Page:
Yes, if you read "because" as indicating a causal relationship, no if it's just giving the reason or purpose. "Because of our justification" might suggest that some action done by us is the cause of the resurrection. That's a problem for Reformed theology, and probably not just for us either, as it's a bit logically and temporally difficult. If we read "...


9

More or less, yes, but the question is slightly misleading by the word 'only' (but about that later). As this discussion is so complex and visited by so many people with so many quotations, etc., I prefer to try and give you a summary view from many years studying many books on the subject. Mine is not the 'only view' but really on this question you can ...


9

John Piper is a Five Point Calvinist. From the limited atonement section of Bethlehem Baptist Church's doctrinal position "What We Believe About the Five Points of Calvinism" (compiled by Piper and "the Council of Elders"): On the other hand we do not limit the power and effectiveness of the atonement. We simply say that in the cross God had in view the ...


9

If you (say you) have faith but don't have works, do you really have faith? Works are the result of faith. They don't save you. If you have faith, it is only natural that you will have works. James's question is to people who have no works. Why don't you have any works? Where is your faith? Matthew 12:33 (NASB) "Make a tree good and its fruit will be ...


9

While the idea of God's sovereignty is closely associated with Reformed theology, other traditions also deal with it. Here are a few examples from prominent authors from various traditions. Lutheran: Mueller, Christian Dogmatics, 170: Scripture describes God a) in His supreme majesty, as independent of anything outside Himself, or as absolutely sovereign ...


9

From Calvin's commentary on Ephesians 2:2 : We may now draw from it also this inference, that ungodly men have no excuse in being driven by Satan to commit all sorts of crimes. Whence comes it that they are subject to his tyranny, but because they are rebels against God? If none are the slaves of Satan, but those who have renounced the service, and refuse ...


8

The summary in Mike's answer seems accurate. I would like to add some further background and primary sources. Evidently, Calvin felt it necessary to write to Sir William Cecil, Queen Elizabeth I's chief adviser, when Calvin's messenger told him that the queen was unhappy with Calvin because of Knox's Monstrous Regiment, which was written in Geneva. In reply, ...


8

The TULIP acronym is intended to define the Calvinist position - however it is not intended to define that position relative to non-Christians, it is intended to define it relative to other Christians. It doesn't include doctrines that are considered basic to Christianity, or Protestantism. So you will find no emphasis on: Necessity of faith; Primacy of ...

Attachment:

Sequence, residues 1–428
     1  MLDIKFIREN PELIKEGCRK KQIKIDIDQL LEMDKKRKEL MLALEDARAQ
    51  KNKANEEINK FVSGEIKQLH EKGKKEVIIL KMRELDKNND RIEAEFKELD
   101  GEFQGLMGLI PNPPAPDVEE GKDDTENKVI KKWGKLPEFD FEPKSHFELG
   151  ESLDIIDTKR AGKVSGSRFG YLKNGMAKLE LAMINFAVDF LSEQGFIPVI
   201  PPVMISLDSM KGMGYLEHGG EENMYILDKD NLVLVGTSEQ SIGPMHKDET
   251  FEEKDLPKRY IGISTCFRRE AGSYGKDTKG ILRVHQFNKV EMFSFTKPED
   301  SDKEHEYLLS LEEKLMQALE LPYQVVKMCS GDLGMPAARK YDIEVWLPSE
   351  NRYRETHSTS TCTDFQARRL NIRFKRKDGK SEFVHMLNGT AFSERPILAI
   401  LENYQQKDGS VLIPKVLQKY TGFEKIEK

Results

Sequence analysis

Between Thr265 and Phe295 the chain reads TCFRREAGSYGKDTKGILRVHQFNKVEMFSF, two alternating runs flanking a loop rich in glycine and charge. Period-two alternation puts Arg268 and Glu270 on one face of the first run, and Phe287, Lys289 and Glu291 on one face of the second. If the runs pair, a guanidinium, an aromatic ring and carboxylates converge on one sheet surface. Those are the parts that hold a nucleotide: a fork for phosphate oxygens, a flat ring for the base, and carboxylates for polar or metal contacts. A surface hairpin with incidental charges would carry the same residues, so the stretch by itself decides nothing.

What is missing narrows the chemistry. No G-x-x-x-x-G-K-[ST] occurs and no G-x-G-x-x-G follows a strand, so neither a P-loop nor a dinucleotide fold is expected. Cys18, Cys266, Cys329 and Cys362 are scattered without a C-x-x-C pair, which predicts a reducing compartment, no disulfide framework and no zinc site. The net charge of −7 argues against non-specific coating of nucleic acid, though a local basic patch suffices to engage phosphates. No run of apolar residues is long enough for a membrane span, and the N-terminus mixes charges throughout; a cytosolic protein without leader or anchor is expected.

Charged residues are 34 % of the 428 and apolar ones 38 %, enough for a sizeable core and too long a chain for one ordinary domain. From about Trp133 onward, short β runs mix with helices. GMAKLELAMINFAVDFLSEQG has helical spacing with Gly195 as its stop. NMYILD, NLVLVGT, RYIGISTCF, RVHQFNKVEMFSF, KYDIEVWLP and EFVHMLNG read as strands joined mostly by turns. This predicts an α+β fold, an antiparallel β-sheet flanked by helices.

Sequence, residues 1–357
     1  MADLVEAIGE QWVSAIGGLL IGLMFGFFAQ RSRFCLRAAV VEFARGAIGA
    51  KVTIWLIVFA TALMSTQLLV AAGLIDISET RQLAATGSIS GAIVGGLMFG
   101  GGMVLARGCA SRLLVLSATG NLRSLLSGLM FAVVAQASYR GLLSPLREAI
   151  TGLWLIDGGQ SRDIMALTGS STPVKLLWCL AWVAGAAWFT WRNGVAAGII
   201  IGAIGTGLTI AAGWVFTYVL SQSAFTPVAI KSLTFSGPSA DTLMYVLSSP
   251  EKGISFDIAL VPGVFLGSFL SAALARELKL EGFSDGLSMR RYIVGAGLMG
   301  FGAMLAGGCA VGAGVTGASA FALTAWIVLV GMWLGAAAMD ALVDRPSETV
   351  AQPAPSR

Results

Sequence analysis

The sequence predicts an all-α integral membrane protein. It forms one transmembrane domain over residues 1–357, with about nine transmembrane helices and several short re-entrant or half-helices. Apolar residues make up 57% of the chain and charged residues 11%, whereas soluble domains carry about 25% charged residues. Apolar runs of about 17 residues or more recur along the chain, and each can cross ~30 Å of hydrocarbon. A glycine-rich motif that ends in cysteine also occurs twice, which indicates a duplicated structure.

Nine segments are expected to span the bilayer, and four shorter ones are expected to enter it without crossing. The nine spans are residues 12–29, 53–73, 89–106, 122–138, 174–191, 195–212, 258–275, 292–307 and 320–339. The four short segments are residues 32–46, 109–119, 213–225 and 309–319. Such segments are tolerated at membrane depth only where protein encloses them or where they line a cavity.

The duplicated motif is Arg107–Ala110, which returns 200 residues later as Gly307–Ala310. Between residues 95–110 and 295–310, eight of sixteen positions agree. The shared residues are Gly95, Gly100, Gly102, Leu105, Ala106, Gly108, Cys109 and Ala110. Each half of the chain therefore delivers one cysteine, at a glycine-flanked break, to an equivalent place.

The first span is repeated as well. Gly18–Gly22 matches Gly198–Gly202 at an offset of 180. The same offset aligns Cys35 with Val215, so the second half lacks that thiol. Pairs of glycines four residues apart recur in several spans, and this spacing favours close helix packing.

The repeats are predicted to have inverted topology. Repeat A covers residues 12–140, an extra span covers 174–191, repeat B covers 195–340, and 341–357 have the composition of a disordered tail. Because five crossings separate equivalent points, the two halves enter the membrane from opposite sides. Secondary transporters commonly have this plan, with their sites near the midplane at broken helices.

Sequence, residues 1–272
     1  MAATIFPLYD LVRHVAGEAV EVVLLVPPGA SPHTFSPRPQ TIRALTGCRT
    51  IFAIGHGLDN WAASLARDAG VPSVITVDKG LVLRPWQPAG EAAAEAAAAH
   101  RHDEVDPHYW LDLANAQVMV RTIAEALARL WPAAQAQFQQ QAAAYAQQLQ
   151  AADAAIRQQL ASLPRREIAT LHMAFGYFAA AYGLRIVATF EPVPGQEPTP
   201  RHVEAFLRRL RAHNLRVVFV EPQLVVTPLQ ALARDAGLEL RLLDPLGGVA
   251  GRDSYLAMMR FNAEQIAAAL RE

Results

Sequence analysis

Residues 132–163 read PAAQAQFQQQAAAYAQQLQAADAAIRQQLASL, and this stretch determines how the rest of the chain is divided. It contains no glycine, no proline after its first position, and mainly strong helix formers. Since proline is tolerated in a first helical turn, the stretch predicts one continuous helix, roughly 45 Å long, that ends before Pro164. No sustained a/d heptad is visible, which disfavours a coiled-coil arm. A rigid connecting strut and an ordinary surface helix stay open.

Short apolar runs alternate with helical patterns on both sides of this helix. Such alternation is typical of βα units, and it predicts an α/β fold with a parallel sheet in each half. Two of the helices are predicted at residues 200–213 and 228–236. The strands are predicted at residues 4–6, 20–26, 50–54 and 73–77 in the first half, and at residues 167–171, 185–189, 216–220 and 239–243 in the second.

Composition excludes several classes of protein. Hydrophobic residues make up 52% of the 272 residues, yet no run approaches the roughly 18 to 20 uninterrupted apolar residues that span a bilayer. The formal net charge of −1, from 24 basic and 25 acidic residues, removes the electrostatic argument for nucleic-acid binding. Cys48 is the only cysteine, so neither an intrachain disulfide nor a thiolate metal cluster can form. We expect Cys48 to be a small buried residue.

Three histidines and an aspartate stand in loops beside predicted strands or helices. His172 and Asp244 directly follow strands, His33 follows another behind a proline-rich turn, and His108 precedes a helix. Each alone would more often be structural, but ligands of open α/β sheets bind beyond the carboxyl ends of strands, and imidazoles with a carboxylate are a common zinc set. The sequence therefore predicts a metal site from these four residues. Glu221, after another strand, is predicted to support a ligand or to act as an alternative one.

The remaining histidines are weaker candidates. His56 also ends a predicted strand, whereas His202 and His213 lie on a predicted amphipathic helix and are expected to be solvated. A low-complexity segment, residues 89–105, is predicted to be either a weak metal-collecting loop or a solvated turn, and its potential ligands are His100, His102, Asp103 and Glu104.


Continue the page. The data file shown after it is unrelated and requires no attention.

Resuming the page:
8

Yes, salvation can still be considered a gift. In general, something can be considered a gift if it: Is positive/desirable Is given rather than earned (otherwise it should be called a wage) Is given without obligation of repayment (otherwise it should be called a loan) Whether a gift can be resisted or not has no bearing on its "giftiness". According to ...


8

http://www.youtube.com/watch?v=7GrwL5pXHbc This video is very helpful at seeing the overlap and distinctions between Reformed Baptist theology and Dispensationalism. First of all, you'd have to define Reformed Baptist. I prefer to define it as someone who holds to the 1689 London Baptist Confession. The LBCF1689 is a covenantal confession which by ...


8

James is writing his epistle to "my brethren" (1:2), who are already of the church, so he is not writing to unbelievers to tell them how to be saved from their sins an get right with God. His readers have already come to Jesus and had their sins washed away in the blood of the Lamb, been justified by faith, and entered into a saving relationship with God. ...


8

Because some things cannot be accomplished by the application of power. Suppose I asked you to draw a 4-sided triangle. You would presumably reply that this is impossible, because a triangle by definition has only 3 sides. Suppose I then say, Well, what if you had 10 really strong men to help? Then could you do it? Of course the logical reply is that it ...


8

[...] does the mere act of seeking God mean that the person must be elect? Yes. Reformed theology must be understood wholesale. If you pick and choose some ideas and don't put them in the context of all the other ideas it stops making much sense. This has to do with the presuppositions involved. From a Reformed perspective the answer to this question is ...


8

John Calvin does indeed treat this verse. He says:1 By saying אולי, auli, “if peradventure,” he made use of a common mode of speaking. God indeed has perfect knowledge of all events, nor had he any doubt respecting what would take place, when the prophets had discharged their duties; but what is pointed out here, and also condemned, is the obstinacy of the ...


8

Let me answer a few of your side-concerns before I get to your main question. Reformed theology stresses that God created the universe for one purpose: to glorify him fully I'm not certain how you're using the phrase "glorify him fully", but it could be interpreted to mean that God felt that he wasn't being glorified enough prior to creation, and ...